Latest Plasmid Stories
New research from a team of European scientists has shown that genetic material is capable of surviving both the hostile environment of suborbital space and the violent passage through Earth’s atmosphere at a high rate of speed.
Genomic sequencing is supposed to reveal the entire genetic makeup of an organism.
Staph infections that become resistant to multiple antibiotics don't happen because the bacteria themselves adapt to the drugs, but because of a kind of genetic parasite they carry called a plasmid that helps its host survive the antibiotics.
It is well-known that all life on Earth is made up of two base pairs, known as A-T (adenine–thymine) and C-G (cytosine–guanine), which form the standard double helix DNA strand.
New insights into a surprisingly flexible immune system present in bacteria for combating viruses and other foreign DNA invaders have been revealed by researchers from New Zealand's University of Otago and the Netherlands.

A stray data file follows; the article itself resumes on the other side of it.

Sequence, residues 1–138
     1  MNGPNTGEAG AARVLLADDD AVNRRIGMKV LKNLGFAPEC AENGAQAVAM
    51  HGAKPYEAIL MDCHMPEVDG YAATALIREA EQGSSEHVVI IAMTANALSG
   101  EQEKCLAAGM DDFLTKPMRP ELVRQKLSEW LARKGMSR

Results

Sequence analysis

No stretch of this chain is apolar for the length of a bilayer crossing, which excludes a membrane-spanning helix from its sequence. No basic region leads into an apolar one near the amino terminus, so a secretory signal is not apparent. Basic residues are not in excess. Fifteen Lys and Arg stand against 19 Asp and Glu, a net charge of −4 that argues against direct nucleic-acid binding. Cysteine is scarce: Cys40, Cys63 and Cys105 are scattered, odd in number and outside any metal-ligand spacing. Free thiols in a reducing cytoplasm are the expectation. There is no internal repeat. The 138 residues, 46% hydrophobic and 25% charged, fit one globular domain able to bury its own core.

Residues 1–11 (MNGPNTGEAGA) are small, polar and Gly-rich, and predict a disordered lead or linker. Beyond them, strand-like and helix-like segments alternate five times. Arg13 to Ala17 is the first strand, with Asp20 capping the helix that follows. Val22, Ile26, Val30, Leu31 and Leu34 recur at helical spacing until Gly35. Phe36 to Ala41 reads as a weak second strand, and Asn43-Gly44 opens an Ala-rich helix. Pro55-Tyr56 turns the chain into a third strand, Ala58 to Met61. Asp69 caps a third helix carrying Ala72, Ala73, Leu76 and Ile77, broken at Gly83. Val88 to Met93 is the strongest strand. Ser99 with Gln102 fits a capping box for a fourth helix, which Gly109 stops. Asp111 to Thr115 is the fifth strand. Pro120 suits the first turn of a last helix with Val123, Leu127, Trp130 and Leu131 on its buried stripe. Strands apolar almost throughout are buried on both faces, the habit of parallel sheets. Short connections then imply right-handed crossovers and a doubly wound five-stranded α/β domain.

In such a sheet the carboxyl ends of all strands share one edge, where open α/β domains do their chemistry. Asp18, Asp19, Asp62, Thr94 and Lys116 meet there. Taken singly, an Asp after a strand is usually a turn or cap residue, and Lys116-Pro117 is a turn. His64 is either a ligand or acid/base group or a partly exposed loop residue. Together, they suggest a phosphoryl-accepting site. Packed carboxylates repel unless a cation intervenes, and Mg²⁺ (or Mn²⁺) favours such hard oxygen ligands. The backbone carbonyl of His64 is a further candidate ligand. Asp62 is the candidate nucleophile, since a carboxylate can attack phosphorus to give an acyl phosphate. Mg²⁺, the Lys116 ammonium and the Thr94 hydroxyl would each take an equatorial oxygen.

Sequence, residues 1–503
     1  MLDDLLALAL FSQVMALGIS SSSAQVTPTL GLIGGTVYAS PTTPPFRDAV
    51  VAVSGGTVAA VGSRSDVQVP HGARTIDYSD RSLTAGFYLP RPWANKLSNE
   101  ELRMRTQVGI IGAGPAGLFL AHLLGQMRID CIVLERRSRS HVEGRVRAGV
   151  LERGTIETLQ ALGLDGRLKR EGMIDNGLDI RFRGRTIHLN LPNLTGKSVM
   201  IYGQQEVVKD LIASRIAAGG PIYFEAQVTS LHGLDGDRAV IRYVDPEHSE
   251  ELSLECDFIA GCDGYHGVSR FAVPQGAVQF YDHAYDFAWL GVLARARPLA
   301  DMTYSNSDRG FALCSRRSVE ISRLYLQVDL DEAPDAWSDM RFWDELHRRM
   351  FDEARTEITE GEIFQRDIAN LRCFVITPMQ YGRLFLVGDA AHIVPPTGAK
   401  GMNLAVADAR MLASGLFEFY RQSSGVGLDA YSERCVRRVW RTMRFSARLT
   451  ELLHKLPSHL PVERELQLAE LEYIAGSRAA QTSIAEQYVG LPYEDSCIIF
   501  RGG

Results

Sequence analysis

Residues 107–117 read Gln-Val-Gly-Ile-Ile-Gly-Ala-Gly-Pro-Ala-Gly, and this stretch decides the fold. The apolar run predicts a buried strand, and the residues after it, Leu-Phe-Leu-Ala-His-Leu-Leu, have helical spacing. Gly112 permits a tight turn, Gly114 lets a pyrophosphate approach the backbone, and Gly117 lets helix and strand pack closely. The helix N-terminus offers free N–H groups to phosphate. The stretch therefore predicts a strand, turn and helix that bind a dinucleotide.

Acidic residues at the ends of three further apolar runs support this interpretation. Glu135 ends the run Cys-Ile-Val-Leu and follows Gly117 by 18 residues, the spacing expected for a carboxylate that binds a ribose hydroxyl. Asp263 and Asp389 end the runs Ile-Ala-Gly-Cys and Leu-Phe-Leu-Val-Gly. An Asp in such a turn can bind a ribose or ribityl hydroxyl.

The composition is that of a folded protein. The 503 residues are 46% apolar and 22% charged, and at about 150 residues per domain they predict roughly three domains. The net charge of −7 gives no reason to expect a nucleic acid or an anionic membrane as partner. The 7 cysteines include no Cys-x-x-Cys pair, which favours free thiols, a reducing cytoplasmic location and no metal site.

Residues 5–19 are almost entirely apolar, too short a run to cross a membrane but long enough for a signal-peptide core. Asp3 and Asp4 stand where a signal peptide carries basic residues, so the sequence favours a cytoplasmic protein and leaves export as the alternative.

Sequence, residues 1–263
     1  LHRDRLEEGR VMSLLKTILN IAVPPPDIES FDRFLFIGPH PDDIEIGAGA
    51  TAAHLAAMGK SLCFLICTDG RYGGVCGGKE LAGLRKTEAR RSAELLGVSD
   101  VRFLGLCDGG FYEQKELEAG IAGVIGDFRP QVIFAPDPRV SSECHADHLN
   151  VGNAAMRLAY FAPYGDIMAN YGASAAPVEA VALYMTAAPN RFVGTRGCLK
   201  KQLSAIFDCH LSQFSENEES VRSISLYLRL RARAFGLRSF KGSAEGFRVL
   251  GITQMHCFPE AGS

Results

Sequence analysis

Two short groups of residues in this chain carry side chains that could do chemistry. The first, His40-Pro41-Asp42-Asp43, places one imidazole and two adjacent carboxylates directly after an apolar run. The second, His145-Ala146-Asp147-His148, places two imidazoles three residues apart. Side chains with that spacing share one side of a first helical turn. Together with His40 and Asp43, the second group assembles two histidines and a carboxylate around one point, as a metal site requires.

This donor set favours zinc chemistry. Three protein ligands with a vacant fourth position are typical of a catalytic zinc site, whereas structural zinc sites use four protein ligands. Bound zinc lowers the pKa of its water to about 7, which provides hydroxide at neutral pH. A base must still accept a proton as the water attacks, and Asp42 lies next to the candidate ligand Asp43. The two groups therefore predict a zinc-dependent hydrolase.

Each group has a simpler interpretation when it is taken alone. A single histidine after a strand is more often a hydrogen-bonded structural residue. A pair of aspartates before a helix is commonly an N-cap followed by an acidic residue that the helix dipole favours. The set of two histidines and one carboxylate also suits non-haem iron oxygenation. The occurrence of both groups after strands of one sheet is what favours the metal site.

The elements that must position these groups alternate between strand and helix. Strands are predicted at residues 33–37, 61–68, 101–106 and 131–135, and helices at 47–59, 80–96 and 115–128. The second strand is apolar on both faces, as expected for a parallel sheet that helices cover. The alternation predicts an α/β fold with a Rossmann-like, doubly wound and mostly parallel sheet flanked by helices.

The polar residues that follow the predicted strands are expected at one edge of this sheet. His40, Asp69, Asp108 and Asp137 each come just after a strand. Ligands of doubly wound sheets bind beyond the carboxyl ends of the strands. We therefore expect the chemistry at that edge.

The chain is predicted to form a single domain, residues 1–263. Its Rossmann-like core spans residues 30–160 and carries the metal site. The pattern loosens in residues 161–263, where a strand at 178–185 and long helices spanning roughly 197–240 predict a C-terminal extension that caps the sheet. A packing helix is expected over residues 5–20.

Reproductive scientists in China have created pigs that glow in the dark using fluorescent genes from jellyfish.
Researchers have developed a collagen scaffold capable of growing bone from within a living body, which could have massive ramifications for treating musculoskeletal problems.
A team of scientists in South Korea have now developed the most precise method ever used to insert DNA into cells.
VGXI announced today the launch of its newly redesigned website and the receipt of QP declaration for its Texas manufacturing facility. The Woodlands, TX (PRWEB)
Agrobacterium tumefaciens is the causal agent of crown gall disease (the formation of tumours) in over 140 species of dicot. It is rod shaped. Symptoms are caused by the insertion of a small segment of DNA into the plant cell. It is an alphaproteobacterium of the family Rhizobiaceae which includes the nitrogen fixing legume symbionts. They are pathogenic and provide no benefit to the plant. It also affects a wide variety of plants. In an economical sense it affects walnuts, grape vines,...
- A poem in which the author retracts something said in an earlier poem.